Conjunctive Rain Harvesting – Rain Garden Systems Rain harvesting tanks combined with rain gardens or bioretention areas can be an even better on-site stormwater reduction system than the use of either system independently. Both rainwater harvesting and rain gardens must have some overflow mechanism for larger volume storms or long-term rainfall patterns. Creating a rain garden downstream of a rainwater harvesting overflow can capture much of the overflow and make use of that additional stormwater for infiltration. Landscape and building designs can readily accommodate this combination of stormwater best management practices (BMPs) and be economical if this is a consideration in the initial design. Retrofitting a combination of the two BMPs at an established site may be more difficult and costly, but can still be workable.

CONCLUSIONS

Both rainwater harvesting and rain gardens lead to at least a partial restoration of the pre-development hydrology of an impervious urban area by increasing infiltration of stormwater. At the same time, both of these BMPs replace irrigation water needs that may previously have been met with potable municipal water or well water. These two alternatives for landscape water supply are win-win strategies that can be used in both commercial and residential site design to improve water quality and reduce the need for potable water use in landscape irrigation.

LITERATURE CITED

Atlanta Regional Commission. 2001. Georgia Stormwater Management Manual Volume 2: Technical Handbook.

Bannerman, R. and E. Considine. 2003. Rain Gardens A How-to Manual for Homeowners. http://clean- water.uwex.edu/pubs/raingarden/rgmanual.pdf. Clean Water Campaign. 2003. Rain Gardens for Home Landscapes. Clean Water Campaign Brochure. Courtney, B.A. 1997. An integrated approach to urban irrigation: the role of shading, scheduling, and directly connected imperviousness. MS Thesis. Department of Civil, Environmental, and Architectural Engineering. University of Colorado. Boulder, CO. Heaney, J.P., L. Wright and D. Sample. 2000. Stormwater storage-treatment-reuse systems. In Innovative Urban Wet-Weather Flow Management Systems. Ed. By R. Field, J.P. Heaney and R.Pitt. Technomic Publishing Co., Inc. pp. 301-328. Hermann, T., U. Schmida, U. Klaus and V. Huhn. 1996. Rainwater utilization as component of urban drainage schemes: hydraulic aspects and pollutant retention. In Proc. Of the 7 th Int. Conf. Urban Stor Dranaige. Hannover, Germany. IAHR/IAWQ Joint Committee Urban Storm Drainage. Hunt, W.F., A. R. Jarrett and J.T. Smith. 2003. Optimizing bio-retention design to improve denitrification in commercial site runoff. Unpublished paper found in the Stormwater Wetland and Bio- retention Design Workshop Manual. Workshop in Lenoir, NC. April 15, 2003. Hunt, W. F. and N White. 2001. Designing Rain Gardens (Bioretention Areas). NC Cooperative Extension Bulletin No. AG-588-3. NC Cooperative Extension Service. Karpiscak, M.M., K.E. Foster and N. Schmidt. 1990. Residential water conservation: Casa Del Agua. Water Resources Research. 26(6):939-948. Mallory, C.W. and J. J. Boland. 1970. A system study of storm runoff problems in a mew town. Water Resources Bulletin. 6(6):980-989. Maryland Department of the Environment. 1998. Maryland Stormwater Design Manual. Baltimore, MD. Maryland Department of the Environment – Water Management Administration. Mitchell, V.G., R.G. Mein and T.A. McMahon. 1996. Evaluating the resource potential of stormwater and wastewater: an Australian perspective. In Proc. Of the 7 th Int. Conf. Urban Stor Dranaige. Hannover, Germany. IAHR/IAWQ Joint Committee Urban Storm Drainage. North Carolina Department of Environment and Natural Resources. 1997. Stormwater Best Management Practices Manual. Raleigh, NC. North Carolina Department of Environment and Natural Resources – Division of Water Quality. 85 pp. Todd, W.P. and G. Vittori. 1997. Texas Guide to Rainwater Harvesting. Texas Water Development Board. Second Edition. Austin, TX.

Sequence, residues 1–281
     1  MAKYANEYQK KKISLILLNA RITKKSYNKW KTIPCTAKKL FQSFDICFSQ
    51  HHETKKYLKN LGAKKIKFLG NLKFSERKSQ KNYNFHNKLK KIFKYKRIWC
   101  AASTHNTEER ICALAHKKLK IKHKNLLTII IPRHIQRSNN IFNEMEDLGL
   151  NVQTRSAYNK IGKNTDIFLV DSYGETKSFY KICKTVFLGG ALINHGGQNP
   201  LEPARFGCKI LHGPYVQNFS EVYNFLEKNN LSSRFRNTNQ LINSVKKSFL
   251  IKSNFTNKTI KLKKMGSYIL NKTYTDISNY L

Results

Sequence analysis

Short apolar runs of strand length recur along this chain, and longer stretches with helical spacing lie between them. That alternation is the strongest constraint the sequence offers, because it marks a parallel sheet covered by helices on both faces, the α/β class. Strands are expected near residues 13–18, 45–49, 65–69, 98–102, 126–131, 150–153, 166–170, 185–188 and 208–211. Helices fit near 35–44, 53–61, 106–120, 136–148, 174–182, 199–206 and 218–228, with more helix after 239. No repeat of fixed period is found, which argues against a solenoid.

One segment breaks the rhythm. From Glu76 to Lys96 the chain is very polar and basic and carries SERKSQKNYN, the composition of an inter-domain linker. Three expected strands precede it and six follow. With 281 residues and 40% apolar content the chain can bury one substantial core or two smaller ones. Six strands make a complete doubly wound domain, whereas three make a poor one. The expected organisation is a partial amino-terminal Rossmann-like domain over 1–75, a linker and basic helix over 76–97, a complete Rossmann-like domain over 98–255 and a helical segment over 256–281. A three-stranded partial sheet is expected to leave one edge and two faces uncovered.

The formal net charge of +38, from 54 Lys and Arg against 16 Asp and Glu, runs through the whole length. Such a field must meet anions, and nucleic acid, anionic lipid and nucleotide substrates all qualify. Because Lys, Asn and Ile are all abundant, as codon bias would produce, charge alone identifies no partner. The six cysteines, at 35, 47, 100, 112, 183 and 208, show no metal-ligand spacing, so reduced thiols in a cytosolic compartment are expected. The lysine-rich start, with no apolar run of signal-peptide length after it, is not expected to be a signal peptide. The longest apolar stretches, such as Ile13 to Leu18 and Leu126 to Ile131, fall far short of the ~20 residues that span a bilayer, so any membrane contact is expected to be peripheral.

Vickers, Amy. 2001. Handbook of Water Use and Conservation. WaterPlow Press. Amy Vickers & Associates, Inc.